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Belfast Telegraph Home > Lifestyle > Twentyfourseven

Ocean's Twelve: Shallow, illogical and predictable, but I love it
Steven Soderbergh's crime caper sequel has been given a rough ride by some critics, but Michael Wlsh thinks it really rather a lot of fun

By Michael Walsh

04 February 2005

OCEAN'S TWELVE (12A, 125mins)

George Clooney, Brad Pitt, Matt Damon, Catherine Zeta-Jones, Julia Roberts, Andy Garcia, Don Cheadle, Bernie Mac, Casey Affleck, Scott Caan, Elliott Gould, Carl Reiner, Vincent Cassel

Three years ago Steven Soderbergh brought us his loose take on the Rat Pack film Ocean's Eleven. The result was a fun, breezy, glossy star-packed crime caper and the reaction was pretty much universal acclaim.

Flick forward to the here-and- now and Soderbergh's follow-up arrives in the cineplexes.

It is - guess what - a fun, breezy, glossy star-packed crime caper. The reaction? He's criticised for making a ridiculous heist flick that creaks under the weight of its combined stars' self-satisfied playing. What a difference a few years make.

Anyway, call me shallow, call me superficial, call me star- struck, but I thought Ocean's Twelve was a bit of a blast.

The set-up is this. It's three years after Danny Ocean (Clooney) and his card shark pal Rusty Ryan (Pitt) masterminded the daring theft of $$160m from nasty Las Vegas casino tycoon Terry Benedict (Garcia).

Danny is struggling to settle into a life of domestic contentment with wife Tess (Roberts), while Rusty is losing more than he ever made as a criminal in the hotels business.

The rest of the crew, meanwhile, are living out their sometimes bizarre dreams with varying degrees of success. We get the feeling that a life of crime is what many of them were cut out for and their subsequent pursuits are a bit of a comedown.

All this changes when, after three years of searching, Benedict finally catches up with them. It doesn't matter that he's already recovered his dosh from the insurers. He gives Ocean and co two weeks to repay the $$160m plus interest - or else, he intimates, something rather nasty will happen to all of them.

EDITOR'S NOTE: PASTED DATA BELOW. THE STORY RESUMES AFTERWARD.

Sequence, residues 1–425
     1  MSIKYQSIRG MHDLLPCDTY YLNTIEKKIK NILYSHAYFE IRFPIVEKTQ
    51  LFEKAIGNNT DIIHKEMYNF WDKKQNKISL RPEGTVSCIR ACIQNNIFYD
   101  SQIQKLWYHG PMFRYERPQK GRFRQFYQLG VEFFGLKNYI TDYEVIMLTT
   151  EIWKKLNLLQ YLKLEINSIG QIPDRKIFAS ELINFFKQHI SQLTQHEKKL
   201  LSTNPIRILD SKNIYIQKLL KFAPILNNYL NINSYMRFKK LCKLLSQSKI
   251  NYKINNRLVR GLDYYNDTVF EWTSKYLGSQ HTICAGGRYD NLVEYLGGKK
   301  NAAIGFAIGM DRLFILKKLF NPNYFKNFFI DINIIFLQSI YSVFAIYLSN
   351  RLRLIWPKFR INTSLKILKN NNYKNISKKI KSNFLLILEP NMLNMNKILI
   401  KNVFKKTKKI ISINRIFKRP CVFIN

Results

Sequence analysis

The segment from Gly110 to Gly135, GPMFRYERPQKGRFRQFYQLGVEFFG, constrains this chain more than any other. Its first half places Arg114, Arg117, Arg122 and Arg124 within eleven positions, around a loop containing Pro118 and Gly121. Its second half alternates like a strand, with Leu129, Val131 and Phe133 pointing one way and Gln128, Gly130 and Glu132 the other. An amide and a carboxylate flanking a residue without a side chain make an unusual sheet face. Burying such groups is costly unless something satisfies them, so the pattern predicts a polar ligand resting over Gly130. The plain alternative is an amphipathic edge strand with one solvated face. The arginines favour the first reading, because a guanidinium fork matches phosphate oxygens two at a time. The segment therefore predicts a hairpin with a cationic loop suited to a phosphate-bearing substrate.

And so all the gang gather again - including pickpocket Linus Caldwell (Damon), veteran con artist Saul Bloom (Reiner), security expert Reuben Tishkoff (Gould), Cockney explosives wizard Basher Tarr (Cheadle) and Chinese acrobat Yen (Qin) - and they head off to Europe for a jolly jaunt to steal some of the continent's most priceless treasures.

This also gives Rusty a chance to catch up with former flame Isabel (Catherine Zeta-Jones), a dedicated Europol agent.

Also standing in the way of their plans is playboy Francois Toulour (Cassel), who has a dual identity as master thief The Night Fox.

Things don't go that smoothly for our boys and by the time they've shifted their attentions from Amsterdam to Rome, they've even been forced to recruit the number 12 of the title - Danny's wife Tess - in a bid to keep themselves in the game.

Soderbergh's film is a snazzy, zippy affair that is less concerned with plot coherence than it is with charm and surface. There's no particularly well- rounded characters, there's no gripping storyline and there's no profound (or otherwise) lessons to be learned. But if, like Quentin Tarantino's recent Kill Bill offerings, Soderbergh's work has become more style than substance, then what style.

Ocean's Twelve may be over two hours long, but there's rarely a dull moment. The plot twists back and forth, and although Soderbergh sometimes throws logic out the window, the whole look of the movie is fabulous.

The real joy of Ocean's Twelve, though, is the dialogue. Screenwriter George Nolfi's script is a real treat with many of the best moments in the film coming from the verbal interplay between the various members of the crime crew.

Damon, in particular, delivers some marvellous lines. At one stage in proceedings he asks: "Doesn't anyone here have a problem, morally, stealing from a handicapped guy?". After a moment of contemplation, "Naw, we don't care," the rest of the gang respond.

A similar question could be asked of Soderbergh. Doesn't he, with all his talent, have a problem, morally, with making such escapist froth as this?

I guess if he doesn't, we shouldn't either.

At cinemas provincewide. Cinema listings, P22-24

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